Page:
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______ Helpful resources ______ To help you gain perspective

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Helpful resources To help you gain perspective

FALL 2017

Your business deserves an “estate plan”

Your business deserves an “estate plan”

Drafting a succession plan now can help your business stand the test of time

As a business owner, you’ve invested so much into making your business successful – hard work, time, money, energy.

It’s truly hard to imagine your business without you. But chances are there will come a day when someone else will take the reins. And a seamless succession plan, one carefully and thoughtfully devised well in advance, is essential to making sure your business enjoys continued success for generations to come.

Harder than it sounds

The facts are a bit grim. Only 30% of privately held businesses survive into the second generation, and less than 15% survive into the third, according to Nuveen Investments. A well-planned transition strategy can help you avoid this common pitfall.

For many hardworking business owners, succession planning represents the notion they can be replaced – a pretty uncomfortable scenario. Perhaps that explains why only 3% of business owners surveyed for the report "2011 U.S. Trust Insights on Wealth and Worth" had formal succession plans as part of their estate-planning documents. 

But just as estate planning helps protect your loved ones and helps assure your wishes are carried out as you intend, a succession plan does the same for your business if for any reason you are no longer there. In short, it safeguards your legacy.

A thorough succession plan considers not only your exit from the business, but also your retirement needs and personal estate. It provides for an orderly transition of management and the passing of control of the business. It also avoids the potential pitfalls of loved ones having to make difficult decisions during stressful times, or leaving the future of your business to happenstance.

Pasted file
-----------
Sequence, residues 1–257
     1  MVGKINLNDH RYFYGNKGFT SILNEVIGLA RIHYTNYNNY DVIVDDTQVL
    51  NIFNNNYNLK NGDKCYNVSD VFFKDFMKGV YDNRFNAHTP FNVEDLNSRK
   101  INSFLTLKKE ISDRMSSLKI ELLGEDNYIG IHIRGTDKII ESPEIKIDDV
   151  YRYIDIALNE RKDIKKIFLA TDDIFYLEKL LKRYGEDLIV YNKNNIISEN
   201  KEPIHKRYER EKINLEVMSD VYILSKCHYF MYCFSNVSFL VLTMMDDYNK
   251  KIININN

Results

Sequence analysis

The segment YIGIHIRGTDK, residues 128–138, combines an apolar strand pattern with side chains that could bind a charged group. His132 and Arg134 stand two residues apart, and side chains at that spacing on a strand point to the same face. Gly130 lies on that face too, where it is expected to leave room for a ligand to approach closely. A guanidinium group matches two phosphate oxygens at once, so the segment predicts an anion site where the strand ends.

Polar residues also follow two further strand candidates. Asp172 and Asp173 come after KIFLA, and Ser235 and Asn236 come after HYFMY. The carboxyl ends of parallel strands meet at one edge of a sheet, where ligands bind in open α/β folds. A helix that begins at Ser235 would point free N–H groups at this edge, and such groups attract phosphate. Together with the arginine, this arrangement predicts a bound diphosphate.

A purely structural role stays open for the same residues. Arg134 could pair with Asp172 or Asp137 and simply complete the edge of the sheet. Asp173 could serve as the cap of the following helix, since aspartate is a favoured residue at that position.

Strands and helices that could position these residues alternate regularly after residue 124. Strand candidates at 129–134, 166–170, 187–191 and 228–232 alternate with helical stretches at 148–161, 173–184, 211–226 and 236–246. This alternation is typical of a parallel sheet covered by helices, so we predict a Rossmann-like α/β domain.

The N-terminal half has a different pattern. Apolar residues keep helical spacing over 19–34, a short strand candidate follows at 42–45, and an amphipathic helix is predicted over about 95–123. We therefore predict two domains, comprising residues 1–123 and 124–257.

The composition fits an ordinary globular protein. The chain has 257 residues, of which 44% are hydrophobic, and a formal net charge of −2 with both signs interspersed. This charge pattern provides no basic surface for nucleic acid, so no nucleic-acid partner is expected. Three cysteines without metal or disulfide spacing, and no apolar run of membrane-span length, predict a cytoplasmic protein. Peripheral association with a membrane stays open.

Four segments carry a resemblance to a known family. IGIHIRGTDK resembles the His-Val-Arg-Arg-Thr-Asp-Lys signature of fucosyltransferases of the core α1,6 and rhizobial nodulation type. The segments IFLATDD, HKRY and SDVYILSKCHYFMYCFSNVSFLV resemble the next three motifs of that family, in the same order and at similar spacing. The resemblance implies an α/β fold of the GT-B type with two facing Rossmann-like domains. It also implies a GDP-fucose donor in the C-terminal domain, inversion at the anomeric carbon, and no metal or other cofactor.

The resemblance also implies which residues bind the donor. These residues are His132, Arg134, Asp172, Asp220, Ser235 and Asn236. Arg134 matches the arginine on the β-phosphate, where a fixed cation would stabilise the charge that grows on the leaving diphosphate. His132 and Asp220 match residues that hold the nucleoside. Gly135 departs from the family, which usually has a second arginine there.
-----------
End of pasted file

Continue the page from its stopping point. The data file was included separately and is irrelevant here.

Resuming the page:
And it’s never too early to start thinking things through.

With your professional advisors, consider these questions:

  •  How can you protect your business and benefits in order to hedge catastrophe and ensure future continuity?
  •  With retirement on the horizon, how can you gracefully exit the business and realize the maximum value for your hard work?
  •  What if something happened to you unexpectedly? Have you created an effective contingency plan that protects your staff and customers?

You may want to groom an heir from within the family, groom someone outside the family, consider an outright sale, or have an expert take over until your chosen heir is old enough or fully prepared. Any one of those scenarios takes time to develop. 

Succession strategies

The financial implications of business succession are complex, but you and your financial advisor can tap into several strategies to help you refine your plan.

Here are a few examples:

Sale to intentionally defective grantor trust (IDGT)

Don’t let the name throw you off. A sale to an IDGT is a sophisticated planning strategy to transfer assets from one generation to another, while minimizing income, estate and gift tax liabilities. Families with closely held businesses structured as partnerships or S corporations may find it particularly helpful as they smooth transfers to your heir without incurring gift or capital gains taxes on the sale and shift the value of the assets out of the grantor’s estate.  

Grantor retained annuity trust (GRAT)

A GRAT can help insulate assets that you expect to appreciate significantly from being overly taxed, and can create a meaningful difference in net proceeds for business owners contemplating a sale or transfer. This is one technique that can transfer wealth with little practical impact on the underlying transaction, yet with substantial wealth transfer results.

Self-canceling installment note (SCIN) and intra-family loan